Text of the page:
Have you ever thought about what happens to that bar of soap in your hotel room you only used once? Shawn Seipler did while visiting Minneapolis in 2008.
“I called the front desk and asked,” he says. “They said they threw it away.”
That’s when the idea for recycling soap came to him.
Pointing to World Health Organization statistics on childhood mortality, which lists diarrhea among the leading causes of death for children under 5, Seipler argues proper hygiene using soap could help save lives.
“Next thing you know, me and the Puerto Rican half of the family were sitting on upside-down pickle buckets in a garage in Orlando with vegetable peelers, cooking soap,” he says.
Seipler’s charity, Clean the World, was born.
How soap is recycled
The recycling process is simple. Clean the World provides collection materials, training and packaging to a hotel’s housekeeping staff. The staff then collects soap, shampoo, conditioner and body washes and ships it all to the charity’s recycling centers.
The items are melted down, sterilized and reformed into new bars.
Today, Seipler runs five recycling plants to collect soap and bottled amenities from approximately 4,000 partner hotels, including Walt Disney Parks and Resorts.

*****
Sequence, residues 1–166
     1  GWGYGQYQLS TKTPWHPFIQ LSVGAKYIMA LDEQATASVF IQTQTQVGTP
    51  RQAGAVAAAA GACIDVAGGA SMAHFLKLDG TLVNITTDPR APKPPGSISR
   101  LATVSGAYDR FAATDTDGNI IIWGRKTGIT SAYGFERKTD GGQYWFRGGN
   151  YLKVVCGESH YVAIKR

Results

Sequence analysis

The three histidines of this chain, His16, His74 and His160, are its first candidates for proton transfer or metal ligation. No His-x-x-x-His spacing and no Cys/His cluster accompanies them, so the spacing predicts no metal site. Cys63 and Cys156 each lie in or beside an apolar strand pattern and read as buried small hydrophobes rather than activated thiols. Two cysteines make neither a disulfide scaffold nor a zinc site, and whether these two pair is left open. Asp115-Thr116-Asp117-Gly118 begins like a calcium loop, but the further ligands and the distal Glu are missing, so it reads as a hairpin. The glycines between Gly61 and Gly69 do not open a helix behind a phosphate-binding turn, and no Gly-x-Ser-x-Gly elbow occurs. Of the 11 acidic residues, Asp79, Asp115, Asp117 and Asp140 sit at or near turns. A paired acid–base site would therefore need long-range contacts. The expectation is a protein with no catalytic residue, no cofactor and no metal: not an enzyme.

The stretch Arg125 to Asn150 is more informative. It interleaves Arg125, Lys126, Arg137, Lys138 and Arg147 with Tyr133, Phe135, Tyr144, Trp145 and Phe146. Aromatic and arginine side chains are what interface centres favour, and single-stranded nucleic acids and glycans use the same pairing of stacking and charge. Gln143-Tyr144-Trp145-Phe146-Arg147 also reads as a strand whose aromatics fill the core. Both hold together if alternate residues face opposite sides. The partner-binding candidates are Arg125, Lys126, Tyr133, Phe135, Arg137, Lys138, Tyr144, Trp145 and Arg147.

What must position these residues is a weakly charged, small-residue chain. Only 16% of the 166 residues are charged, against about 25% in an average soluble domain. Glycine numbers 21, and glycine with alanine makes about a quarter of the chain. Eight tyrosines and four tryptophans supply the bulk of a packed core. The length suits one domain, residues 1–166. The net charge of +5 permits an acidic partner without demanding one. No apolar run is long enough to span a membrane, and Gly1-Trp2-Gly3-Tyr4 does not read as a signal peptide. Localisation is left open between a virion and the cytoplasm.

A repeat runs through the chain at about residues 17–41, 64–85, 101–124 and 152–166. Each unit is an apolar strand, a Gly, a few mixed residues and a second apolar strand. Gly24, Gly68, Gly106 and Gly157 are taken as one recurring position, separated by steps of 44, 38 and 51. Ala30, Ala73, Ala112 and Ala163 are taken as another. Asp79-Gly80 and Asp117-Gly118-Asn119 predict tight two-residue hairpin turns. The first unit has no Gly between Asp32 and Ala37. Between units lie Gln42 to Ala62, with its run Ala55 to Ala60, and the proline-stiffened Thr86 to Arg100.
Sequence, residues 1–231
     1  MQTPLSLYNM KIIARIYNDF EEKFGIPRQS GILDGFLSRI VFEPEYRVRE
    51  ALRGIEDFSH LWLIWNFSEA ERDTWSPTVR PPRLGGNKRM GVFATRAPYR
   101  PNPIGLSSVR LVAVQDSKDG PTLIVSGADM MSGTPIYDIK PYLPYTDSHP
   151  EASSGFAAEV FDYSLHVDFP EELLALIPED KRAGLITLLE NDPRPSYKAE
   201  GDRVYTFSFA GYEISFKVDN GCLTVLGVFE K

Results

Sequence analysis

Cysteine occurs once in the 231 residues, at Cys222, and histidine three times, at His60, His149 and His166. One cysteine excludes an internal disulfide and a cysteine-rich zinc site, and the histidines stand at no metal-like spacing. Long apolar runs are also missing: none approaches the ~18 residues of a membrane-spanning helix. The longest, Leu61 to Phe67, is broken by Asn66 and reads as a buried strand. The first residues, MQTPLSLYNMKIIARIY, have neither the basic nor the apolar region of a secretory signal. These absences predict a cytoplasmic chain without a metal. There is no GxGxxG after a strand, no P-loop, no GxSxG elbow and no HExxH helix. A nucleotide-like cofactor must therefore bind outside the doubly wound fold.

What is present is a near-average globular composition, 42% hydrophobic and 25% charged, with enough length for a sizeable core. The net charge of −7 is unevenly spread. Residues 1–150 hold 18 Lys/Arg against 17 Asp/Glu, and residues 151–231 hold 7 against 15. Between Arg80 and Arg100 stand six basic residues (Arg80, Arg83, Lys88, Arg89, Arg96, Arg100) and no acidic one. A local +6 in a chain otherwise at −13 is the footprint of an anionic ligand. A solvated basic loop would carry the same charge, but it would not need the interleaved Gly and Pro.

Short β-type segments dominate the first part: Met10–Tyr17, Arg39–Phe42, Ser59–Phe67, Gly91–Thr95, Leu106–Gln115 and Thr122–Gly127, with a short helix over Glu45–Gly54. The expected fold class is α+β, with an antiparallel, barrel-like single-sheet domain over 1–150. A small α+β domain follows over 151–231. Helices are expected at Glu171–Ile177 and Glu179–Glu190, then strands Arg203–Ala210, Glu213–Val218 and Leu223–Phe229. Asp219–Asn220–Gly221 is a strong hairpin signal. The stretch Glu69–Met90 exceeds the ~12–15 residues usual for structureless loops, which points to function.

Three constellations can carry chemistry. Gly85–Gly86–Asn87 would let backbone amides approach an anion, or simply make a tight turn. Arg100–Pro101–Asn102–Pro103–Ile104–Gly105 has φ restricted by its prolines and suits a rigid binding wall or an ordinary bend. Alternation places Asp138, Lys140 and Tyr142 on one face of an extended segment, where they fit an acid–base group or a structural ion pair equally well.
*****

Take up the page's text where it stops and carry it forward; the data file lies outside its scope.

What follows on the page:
The recycling service costs hotels 75 cents per room per month and allows Clean the World to distribute its soap around the globe, Seipler says.
Lather it up
Clean the World has distributed 40 million bars of soap to 115 countries since 2009, Seipler says. The organization has operations on the ground in countries including Kenya, Tanzania and Haiti, but they also partner with NGOs such as Children International and Rise Against Hunger to reach more locations and people.
For organizations that want to get involved closer to home, Clean the World sells hygiene kits that companies can donate to charities. The kits can also be specialized to meet the needs of women, children or veterans.
Looking to the future, Seipler says he has big plans.
“Immediately, our next step is to expand into mainland China and the Middle East,” he says.
He is also interested in having his organization help small soap makers in impoverished parts of the globe.
“We are looking at foundation micro-enterprising — how do we help [local soap makers] create a demand for their soap or become re-sellers so they have an economic value,” he explains.
Seipler credits the industry he now serves with his success.
“This year we had $20 million combined revenue and 70 global team members,” he says. “We were in a garage eight years ago. That is a real testament to the hospitality industry and their commitment to making an impact.”